and second orders, with applications to geometry, physics, and mechanics. Dr. Knox. 
Prerequisite: Calculus II. 

352. Electronic Analog Computer (1 ). Linear components, time-scale and amplitude- 
scale factors, non-linear components, and function-generating techniques. One lecture 
period and one laboratory period per week. Dr. Knox. Prerequiiste: Mathematics 351. 

361. College Geometry (3). A study of advanced topics in Euclidean geometry, and 
an introduction to non-Euclidean geometries. Mr. Ritchie. Prerequisite: Calculus I. 

371. Introductory Topology (3). Topological spaces, metric spaces, Hausdorff spaces, 
compactness, continuous mappings. Dr. Shive. Prerequisite: Calculus II. 

391-392. Selected Topics in Mathematics (3-3). Chosen from areas such as applied 
mathematics, number theory, complex variables, foundations of mathematics, numerical 
analysis, and history of mathematics. Prerequisite: Consent of department chairman. 

401-402. Directed Study ( 1 to 3 — 1 to 3 ) . For students who wish to do reading 
and research in advanced mathematics. Prerequisite: Consent of department chairman. 

491-492. Seminar (1-1). Discussions of topics of interest in the field of mathe- 
matics. 

MUSIC 

Professors: C. LELAND BYLER, M.M., Chairman 

JONATHAN SWEAT, Ph.D. 

Associate Professors: THOMAS MICHAEL HOLT, M.M. 

DONALD D. KILMER, M.M. 

Assistant Professors: McCARRELL L. AYERS, M.M. 

FRANCIS E. POLANSKI, M.M. 

Instructor: LOUISE ESCUE BYLER, M.M.Ed. 

Requiremeht for Major: Students majoring in music may apply for either the 
Bachelor of Music or the Bachelor of Arts degree. 

70 MUSIC 



Bachelor of Music: The degree of Bachelor of Music with a major in Piano, Voice, 
or Organ may be earned upon completion of the program of studies outlined on page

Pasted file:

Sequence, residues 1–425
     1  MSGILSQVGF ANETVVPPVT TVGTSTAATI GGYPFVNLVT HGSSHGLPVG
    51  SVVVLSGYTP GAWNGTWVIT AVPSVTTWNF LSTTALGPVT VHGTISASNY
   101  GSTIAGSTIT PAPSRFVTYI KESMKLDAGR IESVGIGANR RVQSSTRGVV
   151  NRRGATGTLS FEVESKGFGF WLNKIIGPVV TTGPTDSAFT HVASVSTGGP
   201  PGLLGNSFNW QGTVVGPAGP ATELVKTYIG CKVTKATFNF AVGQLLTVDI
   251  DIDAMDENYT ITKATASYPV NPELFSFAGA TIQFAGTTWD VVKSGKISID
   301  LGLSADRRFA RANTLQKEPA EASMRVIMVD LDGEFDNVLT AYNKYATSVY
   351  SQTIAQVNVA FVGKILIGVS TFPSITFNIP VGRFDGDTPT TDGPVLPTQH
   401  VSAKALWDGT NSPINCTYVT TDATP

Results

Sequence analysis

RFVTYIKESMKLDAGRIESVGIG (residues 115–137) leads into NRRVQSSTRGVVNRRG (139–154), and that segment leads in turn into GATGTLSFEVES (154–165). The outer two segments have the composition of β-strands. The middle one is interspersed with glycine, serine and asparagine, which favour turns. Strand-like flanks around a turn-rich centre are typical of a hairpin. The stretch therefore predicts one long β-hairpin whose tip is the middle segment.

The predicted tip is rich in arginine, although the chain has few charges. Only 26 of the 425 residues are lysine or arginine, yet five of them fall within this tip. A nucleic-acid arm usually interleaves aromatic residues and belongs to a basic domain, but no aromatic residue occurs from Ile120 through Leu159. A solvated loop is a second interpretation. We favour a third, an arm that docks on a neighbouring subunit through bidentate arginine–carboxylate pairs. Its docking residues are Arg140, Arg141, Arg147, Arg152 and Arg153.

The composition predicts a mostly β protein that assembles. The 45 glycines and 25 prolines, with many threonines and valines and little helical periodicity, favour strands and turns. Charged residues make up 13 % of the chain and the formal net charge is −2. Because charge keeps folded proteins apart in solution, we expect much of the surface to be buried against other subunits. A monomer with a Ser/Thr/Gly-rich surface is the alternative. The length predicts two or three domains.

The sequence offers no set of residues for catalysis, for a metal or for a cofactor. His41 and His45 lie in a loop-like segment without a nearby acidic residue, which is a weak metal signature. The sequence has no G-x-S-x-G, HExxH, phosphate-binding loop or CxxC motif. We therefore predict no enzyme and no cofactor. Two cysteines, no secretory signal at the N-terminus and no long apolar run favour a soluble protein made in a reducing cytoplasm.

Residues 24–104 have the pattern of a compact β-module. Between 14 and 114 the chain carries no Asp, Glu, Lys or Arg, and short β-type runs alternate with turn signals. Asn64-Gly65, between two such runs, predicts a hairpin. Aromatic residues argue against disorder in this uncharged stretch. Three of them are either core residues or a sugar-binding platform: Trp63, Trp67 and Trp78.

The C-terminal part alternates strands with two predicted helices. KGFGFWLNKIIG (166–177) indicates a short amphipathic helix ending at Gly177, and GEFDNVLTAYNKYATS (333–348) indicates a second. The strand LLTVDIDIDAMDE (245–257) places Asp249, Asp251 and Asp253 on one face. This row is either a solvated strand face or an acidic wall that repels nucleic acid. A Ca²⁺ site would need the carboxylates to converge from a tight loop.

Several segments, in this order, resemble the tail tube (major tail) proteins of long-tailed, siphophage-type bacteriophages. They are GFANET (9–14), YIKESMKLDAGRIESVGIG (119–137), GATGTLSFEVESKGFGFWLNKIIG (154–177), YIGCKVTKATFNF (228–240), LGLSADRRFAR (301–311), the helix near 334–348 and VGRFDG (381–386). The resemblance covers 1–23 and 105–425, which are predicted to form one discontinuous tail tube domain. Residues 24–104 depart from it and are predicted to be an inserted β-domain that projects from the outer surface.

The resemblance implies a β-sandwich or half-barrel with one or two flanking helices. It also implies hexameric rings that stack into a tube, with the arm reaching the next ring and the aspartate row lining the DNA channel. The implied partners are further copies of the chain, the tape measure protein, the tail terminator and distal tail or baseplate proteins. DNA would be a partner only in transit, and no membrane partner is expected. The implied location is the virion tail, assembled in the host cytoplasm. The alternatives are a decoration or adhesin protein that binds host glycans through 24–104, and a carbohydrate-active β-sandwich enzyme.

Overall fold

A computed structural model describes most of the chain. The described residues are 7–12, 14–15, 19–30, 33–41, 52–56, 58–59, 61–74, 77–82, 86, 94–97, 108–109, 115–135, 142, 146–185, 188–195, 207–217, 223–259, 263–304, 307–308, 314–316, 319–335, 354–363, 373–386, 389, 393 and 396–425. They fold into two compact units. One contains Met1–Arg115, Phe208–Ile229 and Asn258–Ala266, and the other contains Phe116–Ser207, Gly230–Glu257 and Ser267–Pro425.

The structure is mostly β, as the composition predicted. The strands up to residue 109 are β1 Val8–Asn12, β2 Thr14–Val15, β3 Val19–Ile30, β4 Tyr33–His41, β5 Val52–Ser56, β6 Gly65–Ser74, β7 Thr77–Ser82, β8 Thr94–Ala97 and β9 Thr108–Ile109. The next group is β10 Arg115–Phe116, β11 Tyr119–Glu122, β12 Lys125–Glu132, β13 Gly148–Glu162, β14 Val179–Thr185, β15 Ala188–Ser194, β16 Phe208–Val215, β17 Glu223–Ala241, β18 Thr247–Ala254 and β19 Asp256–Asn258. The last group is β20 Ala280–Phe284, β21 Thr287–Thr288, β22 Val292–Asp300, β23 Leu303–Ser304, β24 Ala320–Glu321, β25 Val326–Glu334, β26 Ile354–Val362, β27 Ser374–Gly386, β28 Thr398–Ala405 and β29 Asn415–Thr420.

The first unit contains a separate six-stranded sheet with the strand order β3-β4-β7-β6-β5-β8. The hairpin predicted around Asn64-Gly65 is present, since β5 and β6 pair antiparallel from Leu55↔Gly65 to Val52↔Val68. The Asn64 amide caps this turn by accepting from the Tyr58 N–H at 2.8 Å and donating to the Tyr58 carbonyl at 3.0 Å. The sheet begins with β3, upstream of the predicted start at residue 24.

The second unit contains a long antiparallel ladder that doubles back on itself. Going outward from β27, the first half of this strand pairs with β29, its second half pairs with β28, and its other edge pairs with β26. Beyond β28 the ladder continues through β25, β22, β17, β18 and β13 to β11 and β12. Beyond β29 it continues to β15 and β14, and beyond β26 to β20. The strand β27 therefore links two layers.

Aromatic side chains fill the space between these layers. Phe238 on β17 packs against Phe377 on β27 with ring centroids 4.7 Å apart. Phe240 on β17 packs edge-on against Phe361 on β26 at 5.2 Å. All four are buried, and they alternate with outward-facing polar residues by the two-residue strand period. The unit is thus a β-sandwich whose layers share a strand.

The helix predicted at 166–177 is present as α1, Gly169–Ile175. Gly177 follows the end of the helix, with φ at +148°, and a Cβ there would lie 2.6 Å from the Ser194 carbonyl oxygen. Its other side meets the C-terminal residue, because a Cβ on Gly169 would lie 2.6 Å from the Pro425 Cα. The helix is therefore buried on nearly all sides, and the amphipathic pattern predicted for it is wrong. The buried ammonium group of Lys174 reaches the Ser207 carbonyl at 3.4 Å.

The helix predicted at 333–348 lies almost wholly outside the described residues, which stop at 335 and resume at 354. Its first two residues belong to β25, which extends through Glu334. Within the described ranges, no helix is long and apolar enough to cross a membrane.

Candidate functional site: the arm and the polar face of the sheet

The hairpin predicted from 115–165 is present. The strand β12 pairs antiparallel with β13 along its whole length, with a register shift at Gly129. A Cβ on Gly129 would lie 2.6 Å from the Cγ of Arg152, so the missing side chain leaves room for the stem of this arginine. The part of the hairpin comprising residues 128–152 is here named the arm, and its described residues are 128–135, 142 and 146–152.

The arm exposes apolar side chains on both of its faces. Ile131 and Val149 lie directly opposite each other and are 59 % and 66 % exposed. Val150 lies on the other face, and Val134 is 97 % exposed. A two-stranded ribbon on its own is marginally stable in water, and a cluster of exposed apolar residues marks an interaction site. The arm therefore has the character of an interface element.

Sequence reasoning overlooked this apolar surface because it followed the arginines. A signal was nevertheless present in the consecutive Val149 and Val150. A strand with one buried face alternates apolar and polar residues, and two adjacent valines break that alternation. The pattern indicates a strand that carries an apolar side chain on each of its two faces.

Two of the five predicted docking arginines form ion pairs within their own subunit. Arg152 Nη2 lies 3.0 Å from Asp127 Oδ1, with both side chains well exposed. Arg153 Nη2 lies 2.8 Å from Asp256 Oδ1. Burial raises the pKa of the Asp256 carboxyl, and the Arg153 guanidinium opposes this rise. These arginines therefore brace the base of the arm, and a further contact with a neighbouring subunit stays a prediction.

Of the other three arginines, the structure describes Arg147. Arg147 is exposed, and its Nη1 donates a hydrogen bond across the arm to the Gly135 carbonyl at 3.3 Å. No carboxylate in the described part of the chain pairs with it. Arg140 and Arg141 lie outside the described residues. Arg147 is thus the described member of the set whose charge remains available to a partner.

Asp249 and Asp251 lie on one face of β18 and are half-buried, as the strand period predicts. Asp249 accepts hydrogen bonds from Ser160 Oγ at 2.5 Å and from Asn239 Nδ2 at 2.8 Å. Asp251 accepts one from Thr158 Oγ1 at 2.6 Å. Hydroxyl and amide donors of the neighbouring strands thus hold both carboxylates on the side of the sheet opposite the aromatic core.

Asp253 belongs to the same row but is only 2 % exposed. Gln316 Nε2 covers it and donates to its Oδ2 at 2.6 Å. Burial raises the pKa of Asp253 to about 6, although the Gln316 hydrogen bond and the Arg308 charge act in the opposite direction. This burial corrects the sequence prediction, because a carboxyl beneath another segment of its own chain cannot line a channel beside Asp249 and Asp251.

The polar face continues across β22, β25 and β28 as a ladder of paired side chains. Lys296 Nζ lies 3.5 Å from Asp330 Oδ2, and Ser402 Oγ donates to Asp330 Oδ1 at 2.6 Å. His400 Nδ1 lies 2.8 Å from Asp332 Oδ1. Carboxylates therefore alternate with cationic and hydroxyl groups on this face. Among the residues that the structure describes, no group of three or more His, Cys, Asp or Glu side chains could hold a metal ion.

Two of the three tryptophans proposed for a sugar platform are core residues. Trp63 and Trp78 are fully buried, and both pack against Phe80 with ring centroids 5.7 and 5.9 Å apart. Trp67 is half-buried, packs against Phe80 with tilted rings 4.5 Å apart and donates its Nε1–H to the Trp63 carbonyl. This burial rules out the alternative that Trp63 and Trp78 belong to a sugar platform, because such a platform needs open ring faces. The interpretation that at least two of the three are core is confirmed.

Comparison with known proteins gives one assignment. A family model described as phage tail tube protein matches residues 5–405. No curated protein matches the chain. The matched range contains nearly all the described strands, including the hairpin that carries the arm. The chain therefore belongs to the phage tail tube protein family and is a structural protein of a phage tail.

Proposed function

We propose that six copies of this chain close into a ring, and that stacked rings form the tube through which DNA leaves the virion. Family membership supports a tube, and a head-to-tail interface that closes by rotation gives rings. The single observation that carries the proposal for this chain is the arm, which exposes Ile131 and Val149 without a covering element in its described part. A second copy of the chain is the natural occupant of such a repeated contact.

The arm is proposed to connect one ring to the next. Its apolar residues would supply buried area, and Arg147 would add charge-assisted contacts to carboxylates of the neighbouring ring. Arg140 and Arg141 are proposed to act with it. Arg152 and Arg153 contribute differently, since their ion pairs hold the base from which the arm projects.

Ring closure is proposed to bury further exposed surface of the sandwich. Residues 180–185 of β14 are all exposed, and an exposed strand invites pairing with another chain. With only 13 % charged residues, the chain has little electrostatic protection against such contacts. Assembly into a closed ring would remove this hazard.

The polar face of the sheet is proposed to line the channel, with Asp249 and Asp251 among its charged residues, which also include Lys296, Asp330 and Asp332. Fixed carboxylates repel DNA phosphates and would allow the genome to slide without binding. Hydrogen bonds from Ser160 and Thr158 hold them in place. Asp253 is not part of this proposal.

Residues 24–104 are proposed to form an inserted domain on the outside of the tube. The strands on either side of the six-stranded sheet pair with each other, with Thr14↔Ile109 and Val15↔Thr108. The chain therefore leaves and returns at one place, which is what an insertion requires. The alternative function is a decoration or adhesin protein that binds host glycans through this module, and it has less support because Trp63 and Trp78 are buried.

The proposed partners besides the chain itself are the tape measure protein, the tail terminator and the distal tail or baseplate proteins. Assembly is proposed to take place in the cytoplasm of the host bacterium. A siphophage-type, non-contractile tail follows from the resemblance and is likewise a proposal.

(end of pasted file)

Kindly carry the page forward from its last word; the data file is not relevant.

38. The minimum number of credit hours required for this degree is 132 semester hours. 
Bachelor of Music candidates are required to give a full recital in each of their final 
two years of study. A comprehensive examination is required during the senior year. 

Bachelor of Arts. The degree of Bachelor of Arts may be earned with a major in 
Piano, Organ, Voice, or Music Education. Specific departmental requirements are sixteen 
hours of applied music in the major field, and twenty-five hours of theory. Juniors 
and seniors must give two partial recitals or a full senior recital.* A comprehensive 
examination is required during the senior year. Students desiring teacher certification 
should consider state requirements. All music majors shall be required to attend all 
student and faculty recitals, and weekly studio classes. 

PIANO REQUIREMENTS 

To enter the four-year degree program in piano, the student must have an ade- 
quate musical and technical background in the instrument. He should know and be able 
to play all major and minor scales. He should have had some learning experience in all 
aeriods of the standard student repertory, such as the Bach two-part inventions, the 
Mozart and Haydn sonatas, the Mendelssohn Songs Without Words, and the Bartok 
K^ikrokomos. 

For all students whose principal performing instrument is not piano or organ, 
3 piano proficiency examination will be required prior to graduation. At this examination 
(•he student must perform acceptably, from memory, the following material (or its 
Equivalent in styles and difficulty) : the major and minor scales and arpeggios, a Bach